What are some of your most important goals in life? Do you want to strengthen your relationships with others? Or do you want to prevent conflicts? Do you want to achieve success in your career? Or are you more concerned with avoiding being fired or laid off? Psychologists have found that subtle differences in how we frame our goals can have important effects. In today’s post, I’ll explain how thinking about our goals differently can have important consequences for well-being, and show how different types of goals play out in two important areas: relationships and education.
What are approach and avoidance goals? Researchers have suggested that approaching good outcomes and avoiding bad outcomes are two of the most fundamental human motivations. Consequently, many of our important life goals can be framed in one of two ways: as a good outcome one wants to achieve (“I want to get an A on that test”) or a bad outcome one wants to avoid (“I don’t want to fail that test”). The first category is called approach goals and the latter is called avoidance goals.
How do goals affect well-being? One study found that people who had a greater number of avoidance goals had lower self-esteem, less optimism, and greater depression, while having a greater number of approach goals was associated with less depression. Goals even relate to physical health: having a higher number of avoidance goals is related to having increases in physical health symptoms (such as headaches, stomachaches, and sore throat) over time. So if you find that you instinctively frame your goals in avoidant ways, you may want to try the opposite: for example, try writing down some approach-oriented goals, and see if pursuing these goals feels different to you.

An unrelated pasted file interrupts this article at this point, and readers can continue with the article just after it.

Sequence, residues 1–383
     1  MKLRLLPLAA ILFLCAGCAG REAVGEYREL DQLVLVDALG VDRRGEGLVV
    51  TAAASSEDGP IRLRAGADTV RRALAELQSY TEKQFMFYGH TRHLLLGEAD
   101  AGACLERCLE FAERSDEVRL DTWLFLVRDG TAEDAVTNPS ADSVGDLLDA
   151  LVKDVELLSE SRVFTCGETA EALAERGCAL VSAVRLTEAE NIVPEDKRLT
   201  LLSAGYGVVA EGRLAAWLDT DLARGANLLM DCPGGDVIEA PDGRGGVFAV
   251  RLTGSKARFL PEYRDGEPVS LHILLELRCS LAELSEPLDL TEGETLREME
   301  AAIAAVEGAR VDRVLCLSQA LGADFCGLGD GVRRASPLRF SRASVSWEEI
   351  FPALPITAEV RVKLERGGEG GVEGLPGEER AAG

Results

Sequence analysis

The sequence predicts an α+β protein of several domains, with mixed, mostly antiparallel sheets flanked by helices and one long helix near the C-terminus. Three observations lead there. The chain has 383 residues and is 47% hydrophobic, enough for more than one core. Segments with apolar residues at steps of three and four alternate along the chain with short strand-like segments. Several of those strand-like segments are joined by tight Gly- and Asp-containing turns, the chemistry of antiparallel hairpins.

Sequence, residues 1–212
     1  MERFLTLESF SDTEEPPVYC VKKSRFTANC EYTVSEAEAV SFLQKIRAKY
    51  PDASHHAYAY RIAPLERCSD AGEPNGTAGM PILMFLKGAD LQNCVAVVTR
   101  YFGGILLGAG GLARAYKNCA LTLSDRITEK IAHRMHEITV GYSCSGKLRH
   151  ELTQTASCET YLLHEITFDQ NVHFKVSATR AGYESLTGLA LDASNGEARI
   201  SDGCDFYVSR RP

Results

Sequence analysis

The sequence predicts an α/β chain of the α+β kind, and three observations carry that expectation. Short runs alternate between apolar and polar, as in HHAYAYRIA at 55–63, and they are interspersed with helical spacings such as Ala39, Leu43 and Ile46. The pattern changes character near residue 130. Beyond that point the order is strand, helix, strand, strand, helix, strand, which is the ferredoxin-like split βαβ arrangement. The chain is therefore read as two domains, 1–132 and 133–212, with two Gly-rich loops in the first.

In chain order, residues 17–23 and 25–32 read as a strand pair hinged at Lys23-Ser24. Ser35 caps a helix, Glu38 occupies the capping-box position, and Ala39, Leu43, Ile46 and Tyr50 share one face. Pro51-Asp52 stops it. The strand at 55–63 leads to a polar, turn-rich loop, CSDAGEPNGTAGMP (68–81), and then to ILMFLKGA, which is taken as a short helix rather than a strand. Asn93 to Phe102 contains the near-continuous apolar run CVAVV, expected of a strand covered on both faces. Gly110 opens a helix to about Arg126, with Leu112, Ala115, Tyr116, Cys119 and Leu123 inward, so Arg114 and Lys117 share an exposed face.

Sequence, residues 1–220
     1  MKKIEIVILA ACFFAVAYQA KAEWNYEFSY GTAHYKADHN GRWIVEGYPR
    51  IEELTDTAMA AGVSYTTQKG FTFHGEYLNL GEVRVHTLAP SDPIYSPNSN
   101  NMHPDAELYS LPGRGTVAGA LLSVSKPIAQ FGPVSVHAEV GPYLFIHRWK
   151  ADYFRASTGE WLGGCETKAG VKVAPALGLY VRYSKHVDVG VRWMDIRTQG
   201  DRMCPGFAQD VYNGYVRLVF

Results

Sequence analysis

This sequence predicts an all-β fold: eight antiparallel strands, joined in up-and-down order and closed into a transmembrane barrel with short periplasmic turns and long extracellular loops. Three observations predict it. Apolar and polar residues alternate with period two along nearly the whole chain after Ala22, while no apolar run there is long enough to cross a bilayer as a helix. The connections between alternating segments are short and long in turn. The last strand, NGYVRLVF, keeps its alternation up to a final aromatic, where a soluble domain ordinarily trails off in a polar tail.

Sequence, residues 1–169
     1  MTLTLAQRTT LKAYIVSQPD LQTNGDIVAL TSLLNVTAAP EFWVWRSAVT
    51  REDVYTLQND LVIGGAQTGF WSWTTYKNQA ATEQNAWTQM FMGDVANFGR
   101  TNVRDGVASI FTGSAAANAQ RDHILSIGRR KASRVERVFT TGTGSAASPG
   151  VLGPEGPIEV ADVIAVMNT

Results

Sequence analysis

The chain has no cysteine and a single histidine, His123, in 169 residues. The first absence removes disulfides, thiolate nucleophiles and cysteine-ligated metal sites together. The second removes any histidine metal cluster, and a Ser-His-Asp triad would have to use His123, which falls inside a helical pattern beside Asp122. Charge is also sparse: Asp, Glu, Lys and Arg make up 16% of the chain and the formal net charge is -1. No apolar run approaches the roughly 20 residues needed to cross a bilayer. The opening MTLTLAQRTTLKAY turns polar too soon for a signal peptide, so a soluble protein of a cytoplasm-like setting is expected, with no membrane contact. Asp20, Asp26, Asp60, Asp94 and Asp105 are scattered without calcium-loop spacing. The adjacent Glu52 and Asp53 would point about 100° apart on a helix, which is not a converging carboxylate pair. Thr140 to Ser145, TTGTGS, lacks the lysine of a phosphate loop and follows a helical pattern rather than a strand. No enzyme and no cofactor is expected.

How do goals impact our relationships? Psychologists have found that approach and avoidance goals can impact the quality of our interpersonal relationships. Having approach goals in relationships (e.g. wanting to become closer to a friend or significant other) is related to being happier with one’s social life, being less lonely, and having higher levels of well-being. On the other hand, avoidance goals in relationships (e.g. not wanting to break up) actually predict increases in loneliness and in physical health symptoms.
Can the right goals affect your grades? Researchers have applied research on approach and avoidance to education as well. In one study, researchers divided college students’ goals into three types: mastery (learning the material), performance-approach (achieving a good grade), and performance avoidance (trying not to fail). They found that mastery goals were associated with being more interested in learning for its own sake, and that performance-approach goals were related to better grades. Performance-avoidance goals, on the other hand, were related to lower motivation and lower grades.
When we’re focusing on self-improvement, it’s easy to forget about the way in which we frame our goals. However, the research suggests that certain ways of thinking about goals (lose 10 pounds, avoid getting rejected on that date) are less beneficial than others (start to feel healthier, make a connection with another person). Wording our goals in a positive way is a subtle change, but the existing research suggests that even a subtle change like this may help you to be more successful.
About this Contributor: Elizabeth Hopper is a PhD candidate in Social Psychology at the University of California, Santa Barbara. Prior to attending UCSB, she received her BA in Psychology and Peace & Conflict Studies from UC Berkeley and worked in a research lab at UC San Francisco studying health psychology. Her research interests include positive emotions, close relationships, coping, and health. Outside of the research lab, Elizabeth can often be found going to yoga class, teaching her puppy new tricks, and working on her creative writing.